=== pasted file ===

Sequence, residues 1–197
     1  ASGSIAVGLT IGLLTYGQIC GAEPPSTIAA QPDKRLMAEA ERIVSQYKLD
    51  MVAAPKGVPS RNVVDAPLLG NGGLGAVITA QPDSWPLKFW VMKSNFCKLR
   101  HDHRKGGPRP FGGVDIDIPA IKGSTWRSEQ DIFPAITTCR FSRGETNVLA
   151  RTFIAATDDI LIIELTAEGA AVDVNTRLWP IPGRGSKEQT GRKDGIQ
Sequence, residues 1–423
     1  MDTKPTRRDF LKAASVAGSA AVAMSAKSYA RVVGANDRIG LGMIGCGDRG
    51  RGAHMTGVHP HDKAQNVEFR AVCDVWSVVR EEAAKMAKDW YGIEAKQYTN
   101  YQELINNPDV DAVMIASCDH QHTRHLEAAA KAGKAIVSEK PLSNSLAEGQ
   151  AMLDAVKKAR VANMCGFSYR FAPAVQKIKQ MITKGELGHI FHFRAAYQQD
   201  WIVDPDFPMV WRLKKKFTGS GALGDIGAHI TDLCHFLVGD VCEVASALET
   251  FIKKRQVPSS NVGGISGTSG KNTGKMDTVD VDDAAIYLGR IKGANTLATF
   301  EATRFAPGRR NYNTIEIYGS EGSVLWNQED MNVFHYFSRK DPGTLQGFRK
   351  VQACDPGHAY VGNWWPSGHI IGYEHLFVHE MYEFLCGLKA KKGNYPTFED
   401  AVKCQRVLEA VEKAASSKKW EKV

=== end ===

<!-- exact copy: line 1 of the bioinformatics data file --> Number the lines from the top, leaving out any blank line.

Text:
Sequence, residues 1–197